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Replacement of phylion cells in an older Motorino 37V, 10 ah battery pack


A customer came to me with an older battery pack from a Motorino e-Bike.  She had called Motorino, and they are no longer supplying replacement batteries for these bikes.  The bike is in good condition, so it was worthwhile repacking this case with new cells. I had an expedition naked pack that just happened to fit exactly into the case, with room to spare in the vertical dimension. It was the right voltage, and had the same 10 amp hour capacity, while being smaller and lighter.

Be aware that shorting the wrong wires together during any step of this project could result in anything from a blown fuse to vaporized wire and flame.

First step is opening the case to extract the old cells. 

This case comes apart easily by removing 4 Philips head screws on each end.  Once the top is removed, all of the wires can be disconnected.  They all have insulated in-line connectors, which is nice.

On the bottom, the high current connector just pops out of the plastic housing.

Now the old cells can be pushed out of the case.  They are packed tight, and secured with foam tape, so it takes some force to get them out.  I braced the case against the edge of the workbench, and pressed it with my thumbs.  Once it is far enough along that the thumbs don't reach, you can use a hammer handle or similar to reach into the case while it is braced against the edge of the bench, and press on the handle with your body.

Here are the old and new cells with the case.  This case has a fuse and key switch in line with the positive lead from the battery.  The positive discharge lead from the new battery should go to the fuse, loop over to the key switch, and finally back to the positive terminal on the bottom of the case.  The negative discharge lead goes straight to the negative terminal on the bottom of the case. I used the existing wires as they were in good condition, and just spliced in where it was convenient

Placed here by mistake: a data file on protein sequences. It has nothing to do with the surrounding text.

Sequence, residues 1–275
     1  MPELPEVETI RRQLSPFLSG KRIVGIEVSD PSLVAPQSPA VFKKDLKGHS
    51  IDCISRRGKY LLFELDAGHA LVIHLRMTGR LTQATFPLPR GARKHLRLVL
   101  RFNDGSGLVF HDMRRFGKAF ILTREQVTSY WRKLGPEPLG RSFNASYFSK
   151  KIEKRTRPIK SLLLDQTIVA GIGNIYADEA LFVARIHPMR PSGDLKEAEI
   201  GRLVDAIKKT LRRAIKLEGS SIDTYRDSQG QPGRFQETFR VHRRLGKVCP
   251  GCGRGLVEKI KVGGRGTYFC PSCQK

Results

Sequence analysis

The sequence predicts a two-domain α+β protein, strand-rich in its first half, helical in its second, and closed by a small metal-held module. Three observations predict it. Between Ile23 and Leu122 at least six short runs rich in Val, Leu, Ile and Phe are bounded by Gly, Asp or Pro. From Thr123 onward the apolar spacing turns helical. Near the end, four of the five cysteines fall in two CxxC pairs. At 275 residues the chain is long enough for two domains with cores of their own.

I prefer not to use the in-line bullet connectors, as I have seen enough of them melted due to loose or corroded connectors causing resistance in the connector.  I just cut off the connectors and solder them together, then heat shrink the splice.  My method is to push the two wires together, then wrap them in a solid copper wire strand, then solder. Don't forget to thread on the heat-shrink tubing first!

A soldering station like this makes easy work of soldering heavy gauge wires.

wires jammed together end to end

wrapped in a single strand of copper wire


I used two layers of heat shrink.  Notice that I have only cut the red, positive wire.  If the negative wire needs to be spliced as well, finish the positive first, so there is no chance of the bare wires touching.

This battery had two small leads in parallel with the discharge leads that go to a little LED display on the top of the case.  I did not connect this, as I could not see how it was wired, and I didn't trust that it would not cause a problem with the new pack.  I also connected the charging connector on the case directly to the new packs charge leads, using the same soldered connection technique as on the discharge leads.  I bypassed the charging fuse, as I could not see if there was a common negative or something that could cause problems with the BMS circuit in the new pack.

I forgot to take more pictures, but basically now the new pack is just slid into the case, and if there is any room for movement, some of the fiberboard from the old pack can be used as a shim.

On the bottom I hot glued the high current connector into the plastic housing, and stuffed some hard foam into the space between the new pack and the case.  This will keep the connector from pushing back into the case when it is installed in the bike. (The old cells were long enough that they did this job without the foam spacer)

Another e-bike back on the road!

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